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Why construction workers sustain so many back injuries

As a California construction worker, you know that your job requires you to lift, carry and move heavy equipment and materials every day. Since you probably do not consciously think of the beating your back takes day after day, you could be injuring it without knowing it.

Construction workers like you remain at high risk for work-related musculoskeletal disorders, generally known as WMSDs, particularly those occurring in your back. As you might expect, the older your age and the more years you have spent on the job, the higher your risk of back injury. In 2014 alone, construction workers lost over $46 million in wages because they had to take an average of 13 days off from work to recover from their relatively minor back injuries.

High-risk construction jobs

While construction workers as a group face a high risk of back injury, your risk increases if your job consists of one of the following:

  • Bricklayer or stonemason
  • Roofer
  • Jackhammer operator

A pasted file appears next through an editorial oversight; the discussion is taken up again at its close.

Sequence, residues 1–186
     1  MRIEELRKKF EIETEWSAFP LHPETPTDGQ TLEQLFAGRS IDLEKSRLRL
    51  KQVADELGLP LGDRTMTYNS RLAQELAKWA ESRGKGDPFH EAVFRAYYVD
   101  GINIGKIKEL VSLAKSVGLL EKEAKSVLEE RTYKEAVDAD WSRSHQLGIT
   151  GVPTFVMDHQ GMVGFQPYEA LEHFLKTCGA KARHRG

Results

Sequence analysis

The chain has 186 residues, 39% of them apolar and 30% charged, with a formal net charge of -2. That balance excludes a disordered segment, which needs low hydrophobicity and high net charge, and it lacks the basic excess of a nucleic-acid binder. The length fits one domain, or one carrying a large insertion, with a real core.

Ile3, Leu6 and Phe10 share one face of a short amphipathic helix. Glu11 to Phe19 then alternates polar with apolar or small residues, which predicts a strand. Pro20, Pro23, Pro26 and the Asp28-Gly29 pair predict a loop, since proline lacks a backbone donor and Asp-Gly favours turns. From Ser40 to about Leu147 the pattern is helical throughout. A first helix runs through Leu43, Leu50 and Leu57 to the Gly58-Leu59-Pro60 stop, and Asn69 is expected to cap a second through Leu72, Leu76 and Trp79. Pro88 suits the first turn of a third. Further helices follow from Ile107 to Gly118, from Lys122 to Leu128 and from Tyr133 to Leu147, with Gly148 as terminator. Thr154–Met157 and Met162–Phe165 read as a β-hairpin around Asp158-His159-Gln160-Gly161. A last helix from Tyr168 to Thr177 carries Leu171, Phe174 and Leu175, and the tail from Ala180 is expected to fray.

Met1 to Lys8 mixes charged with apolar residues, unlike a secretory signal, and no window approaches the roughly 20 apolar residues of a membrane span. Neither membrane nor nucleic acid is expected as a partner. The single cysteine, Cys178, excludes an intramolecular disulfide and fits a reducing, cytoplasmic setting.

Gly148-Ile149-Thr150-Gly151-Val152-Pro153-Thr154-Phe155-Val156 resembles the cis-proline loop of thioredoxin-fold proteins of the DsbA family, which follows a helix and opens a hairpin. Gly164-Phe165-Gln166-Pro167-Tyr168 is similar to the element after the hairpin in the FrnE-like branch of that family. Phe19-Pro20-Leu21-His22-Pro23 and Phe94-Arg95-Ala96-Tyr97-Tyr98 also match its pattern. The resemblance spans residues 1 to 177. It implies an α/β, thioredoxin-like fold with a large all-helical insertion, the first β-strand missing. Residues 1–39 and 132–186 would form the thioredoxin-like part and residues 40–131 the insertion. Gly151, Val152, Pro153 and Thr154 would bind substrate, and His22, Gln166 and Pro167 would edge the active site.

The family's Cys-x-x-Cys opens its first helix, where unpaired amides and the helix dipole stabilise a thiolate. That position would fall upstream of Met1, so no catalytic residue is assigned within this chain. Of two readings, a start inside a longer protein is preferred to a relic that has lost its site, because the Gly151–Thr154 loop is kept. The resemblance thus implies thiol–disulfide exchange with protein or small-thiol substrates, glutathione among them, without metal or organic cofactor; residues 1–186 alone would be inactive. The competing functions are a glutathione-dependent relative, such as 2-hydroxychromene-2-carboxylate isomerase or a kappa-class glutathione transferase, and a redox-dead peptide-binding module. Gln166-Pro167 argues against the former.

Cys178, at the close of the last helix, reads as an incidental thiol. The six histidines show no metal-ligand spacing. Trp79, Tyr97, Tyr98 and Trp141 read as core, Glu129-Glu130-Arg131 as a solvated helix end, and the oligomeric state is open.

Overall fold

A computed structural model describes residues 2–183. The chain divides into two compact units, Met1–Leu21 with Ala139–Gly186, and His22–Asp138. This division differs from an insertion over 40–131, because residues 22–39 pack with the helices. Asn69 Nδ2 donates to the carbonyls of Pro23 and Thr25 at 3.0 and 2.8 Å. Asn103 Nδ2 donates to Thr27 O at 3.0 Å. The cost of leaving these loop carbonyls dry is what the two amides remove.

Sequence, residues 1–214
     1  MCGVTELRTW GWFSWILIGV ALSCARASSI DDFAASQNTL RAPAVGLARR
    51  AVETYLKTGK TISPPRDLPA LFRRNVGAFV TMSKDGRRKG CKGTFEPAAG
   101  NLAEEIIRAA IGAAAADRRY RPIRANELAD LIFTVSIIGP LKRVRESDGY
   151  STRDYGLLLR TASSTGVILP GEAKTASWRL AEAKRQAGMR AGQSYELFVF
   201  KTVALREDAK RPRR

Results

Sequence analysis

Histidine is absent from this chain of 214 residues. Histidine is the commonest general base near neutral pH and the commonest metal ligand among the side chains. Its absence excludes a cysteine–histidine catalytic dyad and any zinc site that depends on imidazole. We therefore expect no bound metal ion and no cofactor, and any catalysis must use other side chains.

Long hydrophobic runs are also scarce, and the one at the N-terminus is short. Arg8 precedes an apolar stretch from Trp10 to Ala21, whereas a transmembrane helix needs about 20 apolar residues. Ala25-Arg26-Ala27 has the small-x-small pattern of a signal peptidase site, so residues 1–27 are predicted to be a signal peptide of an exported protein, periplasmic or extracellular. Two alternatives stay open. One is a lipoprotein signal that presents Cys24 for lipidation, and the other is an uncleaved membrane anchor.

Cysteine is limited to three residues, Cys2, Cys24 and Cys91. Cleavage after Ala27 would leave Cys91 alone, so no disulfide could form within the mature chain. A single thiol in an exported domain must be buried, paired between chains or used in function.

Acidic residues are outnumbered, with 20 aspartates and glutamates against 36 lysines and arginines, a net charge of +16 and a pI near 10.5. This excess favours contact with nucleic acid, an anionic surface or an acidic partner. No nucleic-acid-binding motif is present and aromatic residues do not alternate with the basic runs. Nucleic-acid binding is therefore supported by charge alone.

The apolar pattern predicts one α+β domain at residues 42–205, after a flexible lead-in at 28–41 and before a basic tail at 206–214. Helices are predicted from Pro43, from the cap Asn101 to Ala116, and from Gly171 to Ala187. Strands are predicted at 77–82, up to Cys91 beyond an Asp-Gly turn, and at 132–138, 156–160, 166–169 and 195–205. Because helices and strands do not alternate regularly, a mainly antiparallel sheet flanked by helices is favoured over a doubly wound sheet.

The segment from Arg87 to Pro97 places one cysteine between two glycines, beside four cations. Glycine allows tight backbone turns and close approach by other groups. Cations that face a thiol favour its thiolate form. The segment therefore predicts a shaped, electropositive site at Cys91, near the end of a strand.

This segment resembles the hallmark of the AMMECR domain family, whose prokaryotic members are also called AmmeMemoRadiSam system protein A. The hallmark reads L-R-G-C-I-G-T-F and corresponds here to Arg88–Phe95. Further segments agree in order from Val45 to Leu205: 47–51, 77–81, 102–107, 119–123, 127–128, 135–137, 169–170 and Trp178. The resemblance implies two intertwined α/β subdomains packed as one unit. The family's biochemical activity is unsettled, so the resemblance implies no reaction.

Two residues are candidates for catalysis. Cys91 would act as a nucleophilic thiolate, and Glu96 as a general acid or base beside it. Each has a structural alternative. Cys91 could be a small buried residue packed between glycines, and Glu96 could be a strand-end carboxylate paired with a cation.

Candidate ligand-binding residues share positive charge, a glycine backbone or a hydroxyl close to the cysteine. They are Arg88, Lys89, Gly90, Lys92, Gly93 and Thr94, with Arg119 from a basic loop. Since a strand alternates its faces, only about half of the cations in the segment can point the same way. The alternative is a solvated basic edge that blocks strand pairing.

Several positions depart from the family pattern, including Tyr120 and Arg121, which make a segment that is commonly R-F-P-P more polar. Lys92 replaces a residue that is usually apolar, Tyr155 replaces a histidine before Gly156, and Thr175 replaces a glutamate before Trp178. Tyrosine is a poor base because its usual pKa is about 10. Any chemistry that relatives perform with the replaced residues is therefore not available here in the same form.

• Floor or wall tile installer
  • Drywall installer

Weight over time

Even when the things you constantly lift at work do not weigh all that much in and of themselves, the weight you lift over time becomes extraordinary. Suppose, for example, you lift a 38-pound brick 200 times a day. The weight over time adds up as follows:

  • Every work day you lift 3.8 tons.
  • Every work week you lift 19 tons.
  • Every work year you lift 950 tons.

Taking care of your back should be one of your major concerns while at work. Whenever possible, do not lift heavy materials and equipment by yourself. Ask a colleague to help you, or use a hoist, dolly or mechanical lift. In addition, when you must lift something up off the floor or ground, lift with your knees, not your back.